Warner Bros Entertainment is the division within media giant Time Warner which houses its substantial film and television production and distribution businesses. In recent years it has been one of the world's most consistently successful movie studios as a result of movie mega-franchises Harry Potter, The Matrix, Lord of the Rings/The Hobbit and Batman/The Dark Knight. As a result, it was the #1 studio by US box office for three consecutive years between 2008 and 2010. It reclaimed that position once again for 2013 and returned to the top spot for 2017 as a result of the huge success of Wonder Woman and sleeper hit It. The group's equally substantial television production division is responsible for such global successes as Friends, the West Wing and ER as well as more recent hits including The Big Bang Theory and Two & A Half Men. In 2018, Warner Bros will become a unit of AT&T, provided the latter's proposed acquisition of Time Warner survives a court challenge from the Department of Justice.
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Adbrands Weekly Update 11th Jan 2018: Sue Kroll, Warner Bros' long-serving president of worldwide marketing & distribution, is stepping down after 24 years at the company to become an inhouse producer. Her role will be split. Blair Rich moves up to president of worldwide marketing; Ron Sanders, already president of home entertainment, adds responsibility for worldwide theatrical distribution. Both men will continue to report to Toby Emmerich, who was promoted from CEO to to chairman of the Warner Bros Pictures Group.
Adbrands Weekly Update 4th Jan 2018: Walt Disney was undeniable champion of the US (and global) movie box office in 2017. On release for just the last two weeks of the year, Star Wars: The Last Jedi roared to the top of the US charts with ticket sales of almost $540m, overtaking Disney's live action Beauty & The Beast. That crowdpleaser retained its title as the global #1 with box office of $1.26bn. (Last Jedi has yet to open in several global markets, including China). Another Disney release, Guardians of the Galaxy Vol 2, was the #4 movie in the US behind Warner Bros' Wonder Woman, one of the year's most unexpected box office sensations. Globally, though, Disney shared the top honours with Universal Pictures, whose Fate of the Furious and Despicable Me 3 were the #2 and #4 movies. In terms of combined US box office takings, Disney held the #1 spot with $2.4bn, ahead of Warner with $2.0bn. (Without the contribution from Last Jedi, Disney and Warner would have been on level pegging). Universal ranked #3 at $1.5bn while 20th Century Fox had $1.3bn. Sony, Lions Gate and Paramount held the next three places. However, the biggest contributing factor in the numbers was the record highs reached by ticket prices. Total US takings were still down a little over 2% from 2016 at $11.17bn, while total admissions in volume terms are thought to have hit a 27-year low. The downturn in the US was offset by surging attendance (and ticket prices) in international markets. Total cinema takings are expected to top $40bn for the first time in history, helped by a 20%-plus surge in China to $8.6bn.
Adbrands Weekly Update 8th Jun 2017: Warner Bros ended a run of critical (though not financial) flops for its DC superhero series with the release of Wonder Woman, which not only received almost universally positive reviews, but also looks set to be a spectacular box office success. It also represents a triumph for female filmmakers, not least director Patty Jenkins. Weekend US box-office of over $100m marked a record opening for any movie directed by a woman, and one of the top three for the year to-date. International markets generated another $122m, making Wonder Woman likely to be Warner's most successful release this year.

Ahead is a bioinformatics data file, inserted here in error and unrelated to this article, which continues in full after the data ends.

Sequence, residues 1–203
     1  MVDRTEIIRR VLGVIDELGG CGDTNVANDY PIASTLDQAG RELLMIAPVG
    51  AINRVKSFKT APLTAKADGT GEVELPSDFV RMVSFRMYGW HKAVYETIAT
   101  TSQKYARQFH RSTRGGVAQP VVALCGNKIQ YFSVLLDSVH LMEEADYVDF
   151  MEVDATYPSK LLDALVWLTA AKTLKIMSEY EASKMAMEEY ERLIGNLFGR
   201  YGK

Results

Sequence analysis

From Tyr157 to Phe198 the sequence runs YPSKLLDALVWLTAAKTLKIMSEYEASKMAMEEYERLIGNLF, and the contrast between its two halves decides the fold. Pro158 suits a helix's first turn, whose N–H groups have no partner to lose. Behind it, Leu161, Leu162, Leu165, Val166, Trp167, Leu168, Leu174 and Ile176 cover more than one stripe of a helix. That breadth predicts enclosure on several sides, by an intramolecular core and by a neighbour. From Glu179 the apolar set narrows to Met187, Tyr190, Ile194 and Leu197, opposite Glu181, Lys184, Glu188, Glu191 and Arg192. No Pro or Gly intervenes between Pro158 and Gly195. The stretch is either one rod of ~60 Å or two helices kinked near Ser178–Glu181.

Adbrands Weekly Update 18th May 2017: Warner Bros appears to have scored the first movie mega meltdown of the summer with a disastrous opening for its big budget medieval romp King Arthur, from Sherlock Holmes director Guy Ritchie. Industry buzz puts the cost of the flick at around $300m to make and market, but despite a massive national opening across more than 3,700 screens, it took less than $15m at the US box office in its opening weekend. International theatres added around another $29m. Warner got off to a cracking start this year with The Lego Batman Movie and Kong: Skull Island, but its three subsequent releases have been big disappointments. CHiPs and Unforgettable had the benefit of low budgets to recover, but King Arthur makes for an appropriately legendary fail.
Adbrands Weekly Update 5th Jan 2017: Final figures for December confirmed a record-year for movie studios in 2016, with total box office reaching a new high of $11.38bn. The year's undisputed champion was Walt Disney. Despite fewer releases than any of the rival majors (just 16 in 2016 compared to 37 from Warner Bros), it topped $3bn in takings, equivalent to a staggering 26.4% share of the market. No studio has ever before even got close to that sum The previous record holder was Universal last year with $2.4bn, or just over 21% share. Disney had no fewer than six of the Top Ten releases, and was the only studio with not just one but three new releases taking over $400m. And that doesn't include the holdover takings from Star Wars: The Force Awakens, released at the end of 2015. Warner Bros came in second for 2016, but more than $1bn behind at with $1.9bn. Fox, Universal, Sony and Paramount made up the next four places.
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